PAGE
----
Dog Ticks
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Dog Ticks


As most dog owners know it is just a question of time until a dog gets a visit from a tick, especially if one lives close to nature. The dog tick is an arachnid parasite that feeds on the blood of its host. A common misconception is that dog ticks wouldn’t feed off humans, that is wrong since all kinds of ticks will feed upon all kinds of mammals, birds, reptiles and amphibians. The tick does not colonize as a flea but attaches itself to the host just long enough to feed and then falls off. This fact can make the dog tick somewhat difficult to detect and it is therefore crucial to check the dog for ticks on a regular basis. As the ticks feed they will grow bigger and will be easier to detect and remove.

Dog tick – Lifecycle

The life of a tick begins with an egg, within the egg is a larva and once hatched the larva will search for food. Usually the larva doesn’t travel very far before it encounters a suitable host. Rats, mice and small birds are the most common hosts for the tick larvae not only for their size but as they will provide the tick larva with protection since most of these animals are living sheltered. Once the larva is full it will drop of and transform into a nymph which actually looks like a really small tick but with only six legs. The tick nymph is very common to find on humans and on their household pets, including the dog. Like the tick larva the nymph will feed on the blood of its host for as long as is needed. When it is full the nymph will fall off and go through one final transformation, becoming an adult tick ready to mate. The adult tick will need to feed before breeding and although humans are rare as hosts, dogs are not. Otherwise the tick will try to find a larger mammal such as a bear or deer to be their host. After mating the female tick will lay over 3.000 eggs which will become new larvae. The lifecycle of the tick is complete.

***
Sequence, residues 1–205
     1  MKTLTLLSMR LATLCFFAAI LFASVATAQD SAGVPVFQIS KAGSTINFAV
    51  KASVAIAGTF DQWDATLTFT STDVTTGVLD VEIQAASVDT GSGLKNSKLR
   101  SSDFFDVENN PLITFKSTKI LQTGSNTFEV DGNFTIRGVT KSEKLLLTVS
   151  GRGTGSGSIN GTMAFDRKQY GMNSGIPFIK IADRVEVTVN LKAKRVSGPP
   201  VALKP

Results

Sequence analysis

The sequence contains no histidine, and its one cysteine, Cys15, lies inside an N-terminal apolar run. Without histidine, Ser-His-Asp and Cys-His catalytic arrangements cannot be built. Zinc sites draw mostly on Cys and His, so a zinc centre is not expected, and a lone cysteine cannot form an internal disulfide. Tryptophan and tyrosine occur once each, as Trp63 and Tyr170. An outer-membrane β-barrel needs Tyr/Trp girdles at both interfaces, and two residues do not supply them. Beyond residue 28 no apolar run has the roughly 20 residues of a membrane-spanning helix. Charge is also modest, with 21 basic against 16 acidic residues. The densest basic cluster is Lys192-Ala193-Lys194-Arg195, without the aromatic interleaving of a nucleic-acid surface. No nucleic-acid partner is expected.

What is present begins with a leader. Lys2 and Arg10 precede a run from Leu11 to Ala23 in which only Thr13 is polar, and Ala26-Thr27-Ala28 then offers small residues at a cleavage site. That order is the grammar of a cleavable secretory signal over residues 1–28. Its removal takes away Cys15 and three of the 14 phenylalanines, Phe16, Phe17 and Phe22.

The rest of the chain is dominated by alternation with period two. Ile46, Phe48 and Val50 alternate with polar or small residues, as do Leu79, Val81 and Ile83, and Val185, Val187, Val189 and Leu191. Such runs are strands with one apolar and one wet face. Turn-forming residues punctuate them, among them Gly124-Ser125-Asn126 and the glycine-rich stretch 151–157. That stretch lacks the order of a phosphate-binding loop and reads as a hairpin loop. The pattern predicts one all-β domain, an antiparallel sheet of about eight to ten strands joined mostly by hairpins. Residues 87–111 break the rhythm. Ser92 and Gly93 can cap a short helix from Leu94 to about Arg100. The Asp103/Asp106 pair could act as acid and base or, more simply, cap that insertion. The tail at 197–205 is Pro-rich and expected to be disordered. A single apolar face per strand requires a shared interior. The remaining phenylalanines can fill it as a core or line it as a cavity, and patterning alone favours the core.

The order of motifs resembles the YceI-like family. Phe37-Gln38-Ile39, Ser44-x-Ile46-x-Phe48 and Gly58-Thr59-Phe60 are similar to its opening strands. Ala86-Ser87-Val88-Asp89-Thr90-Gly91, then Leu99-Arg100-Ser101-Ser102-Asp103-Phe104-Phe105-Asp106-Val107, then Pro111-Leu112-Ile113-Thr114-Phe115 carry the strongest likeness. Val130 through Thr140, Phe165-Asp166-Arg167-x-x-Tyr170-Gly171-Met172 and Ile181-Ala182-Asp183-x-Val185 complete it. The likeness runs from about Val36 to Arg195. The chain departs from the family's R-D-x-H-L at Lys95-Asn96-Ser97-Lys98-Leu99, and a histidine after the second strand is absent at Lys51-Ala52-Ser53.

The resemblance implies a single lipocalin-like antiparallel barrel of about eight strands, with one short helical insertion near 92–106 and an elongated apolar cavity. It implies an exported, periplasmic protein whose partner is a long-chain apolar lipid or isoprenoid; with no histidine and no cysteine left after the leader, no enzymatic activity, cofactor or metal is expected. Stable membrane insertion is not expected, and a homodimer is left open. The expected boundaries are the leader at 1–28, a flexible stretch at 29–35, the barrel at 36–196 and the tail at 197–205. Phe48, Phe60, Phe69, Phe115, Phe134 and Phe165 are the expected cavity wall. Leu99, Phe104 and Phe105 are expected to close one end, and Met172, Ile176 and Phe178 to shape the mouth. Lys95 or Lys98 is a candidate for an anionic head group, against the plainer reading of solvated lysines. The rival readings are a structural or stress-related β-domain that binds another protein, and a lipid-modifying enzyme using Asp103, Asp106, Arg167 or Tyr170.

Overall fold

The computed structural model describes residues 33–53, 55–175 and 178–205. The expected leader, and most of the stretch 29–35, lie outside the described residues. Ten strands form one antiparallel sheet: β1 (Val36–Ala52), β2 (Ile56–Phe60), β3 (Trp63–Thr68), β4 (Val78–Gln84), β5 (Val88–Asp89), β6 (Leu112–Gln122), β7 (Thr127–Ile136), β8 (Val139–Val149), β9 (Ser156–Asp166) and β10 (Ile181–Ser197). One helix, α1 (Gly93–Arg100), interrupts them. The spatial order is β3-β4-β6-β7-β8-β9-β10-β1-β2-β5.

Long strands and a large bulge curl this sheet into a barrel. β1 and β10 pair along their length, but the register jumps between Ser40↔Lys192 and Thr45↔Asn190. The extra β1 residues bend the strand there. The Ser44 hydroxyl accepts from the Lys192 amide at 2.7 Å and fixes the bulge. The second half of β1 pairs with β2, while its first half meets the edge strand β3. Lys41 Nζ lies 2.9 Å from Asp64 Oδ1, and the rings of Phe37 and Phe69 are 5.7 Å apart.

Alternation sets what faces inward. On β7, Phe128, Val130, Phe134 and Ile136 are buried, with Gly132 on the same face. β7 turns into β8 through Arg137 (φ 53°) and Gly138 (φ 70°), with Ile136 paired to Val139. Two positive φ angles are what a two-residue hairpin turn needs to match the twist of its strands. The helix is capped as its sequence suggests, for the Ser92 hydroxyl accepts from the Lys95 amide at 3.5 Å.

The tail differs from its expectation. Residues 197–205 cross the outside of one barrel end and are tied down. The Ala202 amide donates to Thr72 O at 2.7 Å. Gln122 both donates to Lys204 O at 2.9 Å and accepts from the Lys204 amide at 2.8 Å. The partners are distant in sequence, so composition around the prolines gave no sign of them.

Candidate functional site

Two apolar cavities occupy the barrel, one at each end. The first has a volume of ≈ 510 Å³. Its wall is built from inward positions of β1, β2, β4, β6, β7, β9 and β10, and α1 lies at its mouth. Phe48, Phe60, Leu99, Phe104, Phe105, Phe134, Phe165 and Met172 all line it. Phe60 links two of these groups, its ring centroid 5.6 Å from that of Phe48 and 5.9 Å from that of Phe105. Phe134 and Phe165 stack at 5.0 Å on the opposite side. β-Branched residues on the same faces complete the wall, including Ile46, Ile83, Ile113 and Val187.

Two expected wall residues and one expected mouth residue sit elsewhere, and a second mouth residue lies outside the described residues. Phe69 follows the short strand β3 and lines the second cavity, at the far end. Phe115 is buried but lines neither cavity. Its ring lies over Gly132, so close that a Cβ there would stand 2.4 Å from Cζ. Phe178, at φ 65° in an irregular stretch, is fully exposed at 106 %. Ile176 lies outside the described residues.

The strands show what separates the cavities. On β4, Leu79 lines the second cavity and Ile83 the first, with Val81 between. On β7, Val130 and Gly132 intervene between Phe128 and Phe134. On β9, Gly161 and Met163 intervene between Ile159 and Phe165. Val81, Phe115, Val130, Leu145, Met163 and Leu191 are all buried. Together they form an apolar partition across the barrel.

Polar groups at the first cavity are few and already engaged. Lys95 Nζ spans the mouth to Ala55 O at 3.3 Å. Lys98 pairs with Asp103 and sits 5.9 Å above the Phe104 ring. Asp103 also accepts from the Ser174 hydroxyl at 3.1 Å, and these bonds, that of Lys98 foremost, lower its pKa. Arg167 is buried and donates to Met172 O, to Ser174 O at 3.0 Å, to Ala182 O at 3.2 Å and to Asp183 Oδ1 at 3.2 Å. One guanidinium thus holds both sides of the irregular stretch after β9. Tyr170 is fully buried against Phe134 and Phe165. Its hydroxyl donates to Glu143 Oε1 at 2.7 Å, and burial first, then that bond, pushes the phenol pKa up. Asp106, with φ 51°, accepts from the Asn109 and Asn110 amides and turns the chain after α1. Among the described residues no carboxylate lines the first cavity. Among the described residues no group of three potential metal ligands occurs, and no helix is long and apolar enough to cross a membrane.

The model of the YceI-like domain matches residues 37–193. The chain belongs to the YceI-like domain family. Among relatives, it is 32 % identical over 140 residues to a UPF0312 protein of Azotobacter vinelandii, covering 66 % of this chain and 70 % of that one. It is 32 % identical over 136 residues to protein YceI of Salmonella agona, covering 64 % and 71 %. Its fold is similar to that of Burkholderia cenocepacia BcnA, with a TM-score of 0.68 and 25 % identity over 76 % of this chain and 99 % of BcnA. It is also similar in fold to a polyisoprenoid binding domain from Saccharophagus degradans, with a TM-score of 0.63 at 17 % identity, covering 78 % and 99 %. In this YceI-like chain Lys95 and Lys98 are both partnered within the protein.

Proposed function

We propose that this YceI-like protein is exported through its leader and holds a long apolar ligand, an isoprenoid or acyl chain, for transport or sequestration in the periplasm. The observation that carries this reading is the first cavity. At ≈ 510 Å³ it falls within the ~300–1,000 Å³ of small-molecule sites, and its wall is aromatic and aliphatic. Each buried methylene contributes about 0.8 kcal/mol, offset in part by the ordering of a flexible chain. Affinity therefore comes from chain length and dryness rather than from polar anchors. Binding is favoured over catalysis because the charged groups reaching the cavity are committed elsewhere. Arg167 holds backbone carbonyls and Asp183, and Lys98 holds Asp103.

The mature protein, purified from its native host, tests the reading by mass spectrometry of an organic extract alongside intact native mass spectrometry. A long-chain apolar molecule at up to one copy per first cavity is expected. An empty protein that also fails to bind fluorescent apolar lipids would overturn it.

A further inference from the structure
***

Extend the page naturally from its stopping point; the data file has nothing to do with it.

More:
Dog tick – Diseases

As the dog tick larva usually feed on the disease carrying rats and mice, it is most common that the tick will become a reservoir for diseases. Although dogs are immune to many of the diseases that are spread by the tick there still are a few that are dangerous. As always a dog should be taken to a veterinarian if it is showing signs of disease. If a tick recently been detected or removed, the veterinarian should be informed of this. Usually it is nothing serious but one wouldn’t want to risk anything when it comes to a canine companion.

Dog tick – Removal

The mouth of the dog tick is formed somewhat like a harpoon and is used to anchor itself in place when feeding, something that makes the tick a little bit tougher to remove. Over the years there have been lots of different recommendations when it comes to removing a tick but all has been proven to be ineffective and put the host in unnecessary risks. The best, fastest and most efficient way is to grab the tick as close to the hosts skin as possible, using a pair of tweezers, and then slowly but yet firmly pull the tick straight out in one motion. Don’t yank, twist or anything like that. Just one firm motion and it is all over.

Dog tick – Control

Normally found in the wild, the dog tick is not likely to infest a house in a manner that many other pests will. There is actually no real need for controlling the tick population in a certain area. It is possible to do so though, if you really want to. Providing mice and rats with building materials for their homes is pretty easy as they will pick up anything usable. Then if the building materials are sprayed in beforehand with chemicals lethal to ticks, the tick larvae will be killed as it is carried to the poisonous home of the rats or mice. No one said it was easy, but it is a way.

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